What is Investment Risk?
Like scales reward does't come without risk. However the biggest risk is not knowing of its existence.
Investors are sometimes prone to play favourite and invest in a single asset class like low returning fixed income or Australian Bluechip stocks. By putting all your eggs in one basket an investment is prone to specific or sector risk.
Don’t be discouraged, it is a behavioural trait of most of us to have a bias to one asset class over another. Feeling comfortable with an asset class that you may understand well like property or investing in the status quo or perhaps putting weight on shorter term reactions rather than a longer-term horizon makes a portfolio subject to increased risk.
There are many risks and biases you face when picking an investment (managed funds, ETFs, LICs, stocks, property, bonds etc.) but two that are probably the most important are Specific risk and Sector risk.
What is Specific Risk? – Risk that affects a specific company or group of companies and is subject to devaluation due to internal actions.
What is Sector Risk? – Risk that affects a sector or asset class which is subject to external influences such as commodity prices, government regulation or force majeure.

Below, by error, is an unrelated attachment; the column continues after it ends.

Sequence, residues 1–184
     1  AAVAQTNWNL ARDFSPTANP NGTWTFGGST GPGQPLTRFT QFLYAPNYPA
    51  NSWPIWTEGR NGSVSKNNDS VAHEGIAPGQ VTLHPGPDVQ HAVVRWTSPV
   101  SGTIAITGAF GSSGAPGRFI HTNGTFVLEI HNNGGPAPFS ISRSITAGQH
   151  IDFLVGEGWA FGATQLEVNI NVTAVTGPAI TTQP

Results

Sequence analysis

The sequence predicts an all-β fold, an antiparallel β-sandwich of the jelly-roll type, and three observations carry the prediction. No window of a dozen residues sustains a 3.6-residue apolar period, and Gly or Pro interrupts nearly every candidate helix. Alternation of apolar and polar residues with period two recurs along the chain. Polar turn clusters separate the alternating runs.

"The biggest risk is not taking any risk… In a world that changing really quickly [sic], the only strategy that is guaranteed to fail is not taking risks."
We should also highlight market risk as another component which brings investments under pressure. Market risk or Systematic risk is an overall collapse of the market such as in 2008 when the US banking system failed. All sectors and assets found themselves struggling to stay in the black.
We are all very aware of the collapse of the “system” back in 2008. The GFC was the worst in history. Some of you may have had super funds, managed funds or ETFs that tracked indexes which were subject to the downturn. Especially if you were retiring at or around this time looking to draw down on your retirement savings you would have seen a sharp depreciation in the value of your investments.
Remember, at the time of the downturn no one was expecting a fast recovery. The crash of 1929 left the world in a depression for a decade. And, the last major crash of 1987, 17 of the 18 major OECD economies experienced a recession in the early 1990s. Australia took 2 years to recover leaving high interest rates, so you would be forgiven if you were in a bit of a panic.
Go to next section: 101: Creating an investment portfolio